Table 10 and Fig. 10 give an overview of the main constituents of some common legumes as compared to wheat and maize. Since the grain of crop legumes and soybean have high concentrations of protein and oil, the levels of starch tend to be lower than cereals (Table 10). Only pea has a starch content which approaches the levels observed in wheat and maize. Due to their high starch content, pea is often used as an energy component in compound feed. Other carbohydrates in Table 10 include simple sugars, cellulose, hemicelluloses, and lignin. Mature wheat straw and maize stover contain around 40% cellulose (C6) and 25% hemicelluloses (C5), 10–12% lignin, and 9% protein (Duke 1983). By comparison, the vegetative residues of soybean contain 44–83% cellulose and 5–14% lignin, although it should be acknowledged that the determinations of hemicellulose, cellulose, and lignin depend strongly on the analytical methodology used (Reddy and Yang 2009). The protein concentration in the crop legume residues is greater than in cereals and can reach values as high as 10% (Jensen 1989). Similarly, forage legume biomass has high concentrations of protein, which could warrant the use of technology to extract the protein as a potentially valuable by-product when the biomass is used for biofuels. In addition, legumes contain many interesting compounds, such as alkaloids and isoflavonoids, which may be useful for human and animal health, as well as having applications for industrial uses (Duranti et al. 2008; Dixon and Sumner 2003; Pregelj et al. 2011).
Table 10

Constituents of selected cereal and legume species expressed as percentage of dry matter

Crop and component

Starch (%)

Other carbohydrates (C5, C6, a.o.) (%)

Protein (%)

Fat (%)

Lignin (%)

Grain

     

 Maize

71

14

9

5

2

 Wheat

66

17

13

3

2

 Soybean

15

14

41

21

6

 Pea

55

18

25

2

6

 Lupin

22

23

45

5

16

 Faba bean

42

21

31

1

9

Above-ground biomass

     

 Wheat stubble

0

92

3

2

45

 Pea residues

0

81

7

2

41

 Grass–clover (30–50% clover)

2

62

22

4

20

 Alfalfa (after flowering)

2

72

20

3

31

Collated from data presented by the Danish Feed Analysis (2005), Duke (1981, 1983), and Samac et al. (2006)

Fig. 10

Legume constituents and potential products from legume biorefineries

Legume breeding efforts to date have only considered enhancing the concentration of grain protein or oil (in the case of soybean) for livestock or human consumption. The focus of future breeding programs could shift to greater dry matter yields with reduced protein concentrations for biofuels. Legumes can also be grown as part of mixed crop communities with greater diversity to exploit better available resources and deliver several ecosystems services (Jensen and Hauggaard-Nielsen 2003; Figs. 3 and 11).
Fig. 11

Perennial mixtures of forage legumes and grasses, e.g., alfalfa and cocksfoot (Dactylis glomarata), can produce abundant amounts of biomass suited for anaerobic fermentation to biogas and biofertilizer. Photo: E. S. Jensen, SLU

Conclusions

Legumes are lower yielding and have higher protein concentrations than cereals, which have resulted in less interest in their use as sole crops for biofuels. Legumes can be valuable components in mixtures with other species that might be suitable for biorefinery concepts. This is especially the case if the biorefinery is designed to exploit both carbohydrates and protein.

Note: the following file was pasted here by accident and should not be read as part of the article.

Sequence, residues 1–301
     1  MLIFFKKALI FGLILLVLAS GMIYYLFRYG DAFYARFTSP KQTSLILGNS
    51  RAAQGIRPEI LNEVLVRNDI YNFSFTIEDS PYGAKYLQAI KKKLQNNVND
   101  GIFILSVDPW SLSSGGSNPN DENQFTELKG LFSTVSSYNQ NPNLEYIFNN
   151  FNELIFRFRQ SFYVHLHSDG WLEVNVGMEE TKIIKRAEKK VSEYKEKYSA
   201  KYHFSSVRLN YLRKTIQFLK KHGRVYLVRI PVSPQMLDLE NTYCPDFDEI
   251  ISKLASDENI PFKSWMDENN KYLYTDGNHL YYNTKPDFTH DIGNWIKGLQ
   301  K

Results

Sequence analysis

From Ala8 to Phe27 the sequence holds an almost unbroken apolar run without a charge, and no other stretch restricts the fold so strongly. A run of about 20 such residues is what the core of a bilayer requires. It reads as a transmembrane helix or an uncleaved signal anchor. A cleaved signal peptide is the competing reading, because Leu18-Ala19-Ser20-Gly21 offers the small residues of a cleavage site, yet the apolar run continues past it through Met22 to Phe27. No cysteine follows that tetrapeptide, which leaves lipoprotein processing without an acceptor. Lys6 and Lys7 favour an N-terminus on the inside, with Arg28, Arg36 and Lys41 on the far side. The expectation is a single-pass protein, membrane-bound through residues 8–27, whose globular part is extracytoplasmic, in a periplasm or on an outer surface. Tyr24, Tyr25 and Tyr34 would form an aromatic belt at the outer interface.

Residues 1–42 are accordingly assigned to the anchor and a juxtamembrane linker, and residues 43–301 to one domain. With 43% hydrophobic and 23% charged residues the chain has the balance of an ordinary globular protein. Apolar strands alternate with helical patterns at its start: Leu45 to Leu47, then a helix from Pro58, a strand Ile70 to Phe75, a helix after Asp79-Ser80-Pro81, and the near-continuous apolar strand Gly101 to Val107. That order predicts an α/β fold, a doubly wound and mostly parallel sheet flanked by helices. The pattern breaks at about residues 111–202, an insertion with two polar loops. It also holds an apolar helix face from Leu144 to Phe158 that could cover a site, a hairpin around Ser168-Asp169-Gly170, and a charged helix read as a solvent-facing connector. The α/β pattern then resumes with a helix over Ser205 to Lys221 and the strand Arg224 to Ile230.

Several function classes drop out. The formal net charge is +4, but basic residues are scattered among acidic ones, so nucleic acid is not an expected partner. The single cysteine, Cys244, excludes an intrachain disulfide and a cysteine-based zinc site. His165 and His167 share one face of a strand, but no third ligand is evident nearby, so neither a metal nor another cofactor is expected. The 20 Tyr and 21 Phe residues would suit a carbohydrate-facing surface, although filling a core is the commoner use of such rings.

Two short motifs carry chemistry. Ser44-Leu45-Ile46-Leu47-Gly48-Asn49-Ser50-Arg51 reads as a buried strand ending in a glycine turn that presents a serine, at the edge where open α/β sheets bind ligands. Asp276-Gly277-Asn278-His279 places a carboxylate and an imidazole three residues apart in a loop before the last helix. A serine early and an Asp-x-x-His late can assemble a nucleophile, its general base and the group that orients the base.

3.2 Legumes as biorefinery feedstocks for biofuels, materials, and chemicals

A biorefinery is defined as the sustainable processing of biomass into a spectrum of marketable products and energy (Cherubini et al. 2009) by the use of physical (fractionation, pressing), chemical (acid hydrolysis, synthesis, esterification), thermochemical (pyrolysis, gasification, combustion), and biochemical (enzymatic and fermentation) methods (De Jong et al. 2010). The aim is to optimize the sustainable use of specific biomass resources available in a given region to ensure both resource use efficiency and economic/environmental sustainability.

A biorefinery may be simple with only a single or few products such as bioethanol and heat or refined sugar and feed. Alternatively, the biorefinery could produce a spectrum of different biobased products in a way analogous to a petrochemical refinery. Different concepts for biorefineries have been described: well-known simple biorefineries produce sugar, potato starch, wheat starch, soybean oil, and protein. Dry milling refineries use cereals grains for bioethanol production and dried distillers grains with solubles (DDGS) for feed. Oleochemical biorefinery produce oils, lubricants, platform chemicals, and biodiesel from canola and soybean (De Jong et al. 2010). Lignocellulosic biorefineries have been used for many years with forestry biomass for the production of paper pulp, chemicals, and energy. During the past decade, there has been a rapid development of sugar platform biorefineries using different types of lignocellulosic biomass (straw, short rotation coppice, perennial energy crops) as feedstock for production of bioethanol, feed, and power (De Jong et al. 2010). A green biorefinery is another concept developed for green biomasses such as grass–clover, alfalfa, and sugar beet (Beta vulgaris) leaves to produce amino acids, feed, fibers, and residues for biogas production (Novalin and Zweckmair 2008; De Jong et al. 2010). Even though there is an increasing interest in biorefineries, examples of successful advanced biorefinery concepts which have developed further than the pilot scale are limited (De Jong et al. 2010).